A different kind of 'manned' Helicopter

Grey Havoc

ACCESS: USAP
Senior Member
Joined
Oct 9, 2009
Messages
16,644
Reaction score
6,198
Clark School Press Release Story

Clark School Team to Test Human-Powered Helicopter



MEDIA ADVISORY May 4, 2011

CONTACT:
Melissa Corley
301 405 6501
mcorley@umd.edu

For More Information:
E-Mail our media staff

or call 301.405.6501


WHAT: In a step toward winning the Sikorsky Prize, a team of A. James Clark School of Engineering students will attempt for the first time to test-fly their human-powered helicopter, called Gamera. Gamera has a rotor at each of the four ends of its X-shaped frame, with the pilot’s module suspended at the middle. Each crossbar of the frame is 60 feet long, and each rotor is 42 feet in diameter. Through the use of balsa, foam, mylar, carbon fiber and other lightweight materials, the entire vehicle weighs only 210 pounds, including the student pilot. All power comes from a combination of hand and foot pedaling. If Gamera makes it off the ground, the team has the potential to capture a world record for human-powered helicopter flight with a female pilot on board.


WHO: A team of more than 50 graduate and undergraduate students led by faculty advisors V.T. Nagaraj, Inderjit Chopra and Darryll Pines (dean of the Clark School). The pilot for the tests is University of Maryland life sciences graduate student Judy Wexler. The Alfred Gessow Rotorcraft Center in the Clark School is one of the nation’s top rotorcraft research institutions.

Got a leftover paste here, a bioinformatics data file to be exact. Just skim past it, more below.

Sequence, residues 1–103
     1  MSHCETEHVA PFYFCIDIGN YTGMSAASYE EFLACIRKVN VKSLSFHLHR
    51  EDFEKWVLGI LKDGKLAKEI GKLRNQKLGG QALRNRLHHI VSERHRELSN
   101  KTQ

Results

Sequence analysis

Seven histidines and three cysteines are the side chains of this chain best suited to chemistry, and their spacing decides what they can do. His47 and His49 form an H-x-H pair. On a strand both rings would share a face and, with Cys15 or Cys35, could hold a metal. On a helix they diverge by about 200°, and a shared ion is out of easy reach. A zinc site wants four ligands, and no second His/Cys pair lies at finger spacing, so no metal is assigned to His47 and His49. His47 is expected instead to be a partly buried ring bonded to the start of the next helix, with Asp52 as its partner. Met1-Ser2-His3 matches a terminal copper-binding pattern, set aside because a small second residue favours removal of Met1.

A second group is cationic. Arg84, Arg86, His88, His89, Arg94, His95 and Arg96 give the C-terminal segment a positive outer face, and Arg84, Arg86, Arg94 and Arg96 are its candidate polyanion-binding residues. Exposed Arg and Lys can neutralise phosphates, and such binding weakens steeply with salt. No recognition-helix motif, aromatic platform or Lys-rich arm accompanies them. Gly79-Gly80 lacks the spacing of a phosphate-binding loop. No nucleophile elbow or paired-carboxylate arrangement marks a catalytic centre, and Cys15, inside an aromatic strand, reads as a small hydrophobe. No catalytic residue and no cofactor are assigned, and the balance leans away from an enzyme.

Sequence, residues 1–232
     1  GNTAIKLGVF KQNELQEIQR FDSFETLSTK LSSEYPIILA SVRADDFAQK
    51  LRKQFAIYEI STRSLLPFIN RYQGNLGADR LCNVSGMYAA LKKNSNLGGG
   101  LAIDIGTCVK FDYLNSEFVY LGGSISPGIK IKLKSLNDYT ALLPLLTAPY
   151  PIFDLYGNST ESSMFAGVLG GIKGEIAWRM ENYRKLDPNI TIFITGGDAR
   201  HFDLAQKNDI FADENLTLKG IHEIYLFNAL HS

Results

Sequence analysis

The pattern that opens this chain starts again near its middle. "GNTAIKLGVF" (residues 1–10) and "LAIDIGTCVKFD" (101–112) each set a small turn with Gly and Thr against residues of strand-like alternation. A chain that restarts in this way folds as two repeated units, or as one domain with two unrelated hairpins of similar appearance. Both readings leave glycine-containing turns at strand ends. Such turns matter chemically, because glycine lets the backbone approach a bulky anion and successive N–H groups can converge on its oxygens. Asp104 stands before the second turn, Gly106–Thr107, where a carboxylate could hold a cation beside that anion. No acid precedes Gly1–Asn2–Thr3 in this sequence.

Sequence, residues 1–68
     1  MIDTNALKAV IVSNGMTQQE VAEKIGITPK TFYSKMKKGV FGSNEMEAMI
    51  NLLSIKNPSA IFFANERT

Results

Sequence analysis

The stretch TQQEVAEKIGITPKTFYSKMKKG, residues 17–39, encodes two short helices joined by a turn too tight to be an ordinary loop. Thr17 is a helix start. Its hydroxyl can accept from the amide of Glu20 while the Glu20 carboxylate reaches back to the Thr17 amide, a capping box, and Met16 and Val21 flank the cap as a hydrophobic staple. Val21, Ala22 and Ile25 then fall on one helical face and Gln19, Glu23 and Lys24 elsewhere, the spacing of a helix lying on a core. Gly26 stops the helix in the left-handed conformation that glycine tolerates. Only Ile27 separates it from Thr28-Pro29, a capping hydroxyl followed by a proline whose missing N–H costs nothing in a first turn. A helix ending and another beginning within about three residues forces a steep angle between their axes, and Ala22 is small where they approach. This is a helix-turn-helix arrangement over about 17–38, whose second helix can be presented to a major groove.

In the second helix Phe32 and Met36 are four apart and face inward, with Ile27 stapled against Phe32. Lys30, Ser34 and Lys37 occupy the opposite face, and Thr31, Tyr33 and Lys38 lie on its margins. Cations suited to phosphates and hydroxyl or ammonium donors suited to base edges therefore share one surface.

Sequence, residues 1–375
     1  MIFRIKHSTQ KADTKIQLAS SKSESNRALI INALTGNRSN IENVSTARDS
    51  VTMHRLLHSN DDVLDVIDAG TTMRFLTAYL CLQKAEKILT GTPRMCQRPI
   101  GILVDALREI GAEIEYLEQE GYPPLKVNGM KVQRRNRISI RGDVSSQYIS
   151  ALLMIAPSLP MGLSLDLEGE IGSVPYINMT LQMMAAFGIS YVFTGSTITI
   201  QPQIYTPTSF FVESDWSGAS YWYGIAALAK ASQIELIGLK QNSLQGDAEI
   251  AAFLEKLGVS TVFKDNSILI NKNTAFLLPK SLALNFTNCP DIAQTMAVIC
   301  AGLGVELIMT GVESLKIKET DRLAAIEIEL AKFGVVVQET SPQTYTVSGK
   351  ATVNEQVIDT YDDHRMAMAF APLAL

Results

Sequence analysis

WHEN: Reporters and photographers are invited to watch the team test the vehicle between 9 a.m. and 12 p.m. on Wednesday, May 11.


WHERE: Comcast Center Auxiliary Gym, University of Maryland, College Park, MD 20742
Directions to Parking (CALL AHEAD for parking information)


WHY: The team has been working for two years to compete for the Sikorsky Prize, run by the American Helicopter Society (AHS). The Clark School team is the only team currently sanctioned by the AHS for making an official attempt. No team has succeeded since the prize was first offered in 1980.

http://www.eng.umd.edu/html/media/release.php?id=104


http://www.youtube.com/watch?v=uT4y4xb2UYI&feature=player_embedded



[PHOTO CREDIT: A.J Clark School of Engineering]
 

Attachments

  • Gamera_white-md.jpg
    Gamera_white-md.jpg
    36.3 KB · Views: 1,215

Nik

ACCESS: Top Secret
Joined
Jul 15, 2009
Messages
507
Reaction score
161
I would not have thought that even an Olympic-grade cyclist could generate enough power for more than a 'bounce'...
 

Stargazer2006

ACCESS: USAP
Senior Member
Joined
Jun 25, 2009
Messages
13,225
Reaction score
803
What really stuns me is that it takes a vehicle 1/3 of a football field to be able to take up the challenge.. and this with a lightweight pilot and no payload whatsoever... Doesn't make for practical applications, does it? Art for art's sake, if you ask me, but nice try anyway.
 

Grey Havoc

ACCESS: USAP
Senior Member
Joined
Oct 9, 2009
Messages
16,644
Reaction score
6,198
Latest news: http://www.washingtonpost.com/national/university-of-maryland-team-to-test-human-powered-helicopter-in-pursuit-of-prize-world-record/2011/05/11/AFhofrmG_story.html
 

Machdiamond

ACCESS: Secret
Joined
Jan 15, 2007
Messages
328
Reaction score
18
Stargazer2006 said:
Doesn't make for practical applications, does it? Art for art's sake, if you ask me, but nice try anyway.

Keep in mind that this is an engineering school project, they are in this not to make money but to educate their students.

I find this idea excellent and very motivating for them.

Pushing the limit on lightweight structures is something you can apply elsewhere later on. Not necessarily the technology itself but the thought process.

--Luc
 

Grey Havoc

ACCESS: USAP
Senior Member
Joined
Oct 9, 2009
Messages
16,644
Reaction score
6,198
Posted at 07:17 PM ET, 05/12/2011
Maryland’s human-powered helicopter takes off
By Jenna Johnson

Finally! After days of adjusting, rebuilding, testing and super-gluing, a human-powered helicopter at the University of Maryland left the ground for about four seconds late Thursday afternoon.